2011-09-16 / Columnists


The tenth annual Tribute Park memorial ceremony commemorating the anniversary of the 2001 terrorist attack on the World Trade Center came off without a hitch last Sunday morning, with even the doves behaving themselves. Hundreds crowded into Tribute Park for the ceremony, which dedicated a large piece of twisted steel from the WTC. Rockaway now has the only public park in the city with a piece of WTC steel. Shortly after the 2001 attacks, The Wave called for a memorial park with a piece of the steel, and it has finally come to reality.

By the way, the four-page commemorative issue that wrapped around last week’s issue of The Wave has become a real collector’s item. In fact, in some Rockaway shops, the four pages disappeared prior to anybody purchasing the paper.

The fact that September is halfway done and the Peninsula Hospital Center is still open and running is a good omen for the remainder of the year. It was hard to conceive of an isolated peninsula with 120,000 residents and only one hospital, and that one located at the extreme eastern end of the peninsula.

Shooting incidents are, unfortunately, not very rare on the Rockaway peninsula, but shootings in the west end are rather rare. In June of 2009, Robert Cassato of Rockaway Park shot a

Breezy Point man named Tommy O’Neal in the head at Beach 129 Street, early one morning. After two years of waiting to see how O’Neal would come out of the shooting and a slow legal process, Cassato pled guilty to attempted murder last month in Queens Supreme Court. He was sentenced to 11 years in jail.

If you are a surfer, mark your calendar for the annual Richie Allen Memorial Surf Classic, which is set for Sunday, September 18 at Beach 91 Street. Allen was one of the Rockaway firefighters killed on September 11, 2001 at the World Trade Center. Registration will begina6a.m.,andtherearecontests for all ages and abilities.

Motorists on the west end were surprised last weekend when the rates at the parking meters went up without much local warning. The single meters were disabled and Muni-Meters were installed in their place both in the Beach 116 Street shopping area and on Beach 129 Street. The cost of parking went to one dollar an hour from seventy five cents an hour in both areas. In addition, locals should be aware of the fact that the city says you can’t pay in one area and then move your car to another area, using the same receipt, although when the concept was first announced, it was said that you could. So, if you park on Beach 116 Street and have time left on your Muni-Meter receipt, you cannot then drive to Beach 129 Street and expect it to be honored.

A new poll asked whether or not Mayor Michael Bloomberg has improved the quality of public education in New York City. Only 24 percent of the respondents believe that public education is better under Bloomberg. Forty percent say that it is the same and 27 percent say that it is worse. When only parents are considered, only 23 percent say that it is better now. When asked if they are satisfied by the quality of the public schools, only 29 percent said that they were satisfied. A whopping 58 percent said that they were not satisfied.

Some of the local school nurses are unhappy that they are not getting credit as first responders to the 9-11 attack. They say that the school nurses went to Ground Zero to fit the construction workers with respirators, they manned shelters, tested people for Anthrax and performed many other duties. The fact that they are never mentioned along with other volunteers and first responders has rankled them. “We never get recognition for the service we provide,” one school nurse said. “Just thought that everybody should be aware.”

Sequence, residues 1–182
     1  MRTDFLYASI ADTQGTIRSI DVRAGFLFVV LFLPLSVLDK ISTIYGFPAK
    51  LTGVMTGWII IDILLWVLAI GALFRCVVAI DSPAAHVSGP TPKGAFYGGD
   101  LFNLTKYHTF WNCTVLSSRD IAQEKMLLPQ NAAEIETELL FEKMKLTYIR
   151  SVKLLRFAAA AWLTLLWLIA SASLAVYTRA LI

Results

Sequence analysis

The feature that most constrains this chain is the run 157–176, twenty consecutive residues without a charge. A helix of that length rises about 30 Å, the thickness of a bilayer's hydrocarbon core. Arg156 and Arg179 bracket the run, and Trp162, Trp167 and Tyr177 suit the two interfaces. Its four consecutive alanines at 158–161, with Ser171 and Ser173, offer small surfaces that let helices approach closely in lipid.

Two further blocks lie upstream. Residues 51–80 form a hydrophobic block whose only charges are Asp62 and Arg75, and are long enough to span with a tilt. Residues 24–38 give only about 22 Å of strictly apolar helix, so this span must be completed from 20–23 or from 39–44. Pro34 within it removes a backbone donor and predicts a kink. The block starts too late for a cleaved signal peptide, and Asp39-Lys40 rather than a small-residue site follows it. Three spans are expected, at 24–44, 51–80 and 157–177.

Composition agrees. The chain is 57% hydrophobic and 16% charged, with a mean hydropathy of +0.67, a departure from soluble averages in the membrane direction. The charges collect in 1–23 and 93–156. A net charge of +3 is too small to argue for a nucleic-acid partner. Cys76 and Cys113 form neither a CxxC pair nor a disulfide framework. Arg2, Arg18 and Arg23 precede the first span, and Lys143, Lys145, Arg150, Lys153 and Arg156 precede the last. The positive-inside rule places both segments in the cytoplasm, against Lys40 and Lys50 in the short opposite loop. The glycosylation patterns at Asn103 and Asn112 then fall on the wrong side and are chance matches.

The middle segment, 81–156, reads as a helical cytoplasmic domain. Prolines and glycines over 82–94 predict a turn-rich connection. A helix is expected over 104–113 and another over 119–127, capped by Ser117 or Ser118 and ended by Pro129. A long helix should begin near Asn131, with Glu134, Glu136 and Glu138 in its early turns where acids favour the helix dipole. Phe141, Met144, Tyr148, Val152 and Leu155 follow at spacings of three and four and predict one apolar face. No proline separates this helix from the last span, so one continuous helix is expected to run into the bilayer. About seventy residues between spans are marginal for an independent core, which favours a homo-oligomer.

During Hurricane Irene, seven “adorable and friendly” kittens were rescued by local firefighters and brought to the Animal Hospital of the Rockaways. The doctors examined and treated the kittens and they are now healthy and available for adoption. Anybody interested in adopting one of the

Irene kittens should call the animal hospital.

David Rosen, the former CEO of MediSys, the company that formerly sponsored the Peninsula Hospital Center, has been found guilty at a bench trial in federal court. MediSys paid bribes, including $410,000 to then-Assemblyman Anthony Seminario, $175,000 to Assemblyman William Boyland and more to State Senator Karl Kruger. MediSys officials continue to say that the money paid in bribes had nothing to do with the near-demise of PHC.

The Wave received some complaints from Far Rockaway and Arverne residents who went to their usual polling places only to find that there were no machines and no elections. Some wanted to know why they didn’t get to vote while others in Rockaway did. Others were angered that they were not notified that they did not have an election to vote in, not understanding that the special election was for specific Congressional and Assembly districts.

Benjamin Lawsky, the state’s superintendent of the Department of Financial Services, says that flood insurance does cover the damage done by Hurricane Irene. “Some individuals who have suffered severe loss are being told by their insurers that flood insurance does not apply,” Lawsky said. “In fact, flood insurance covers flooding caused by tropical storm Irene.”

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Ok, so you have people upset

Ok, so you have people upset that they did not get a chance to vote. Do you really want people that do not research or review what is going on and then get upset when they find out they do not know what they are doing to vote. Get real, get educated, and then vote.

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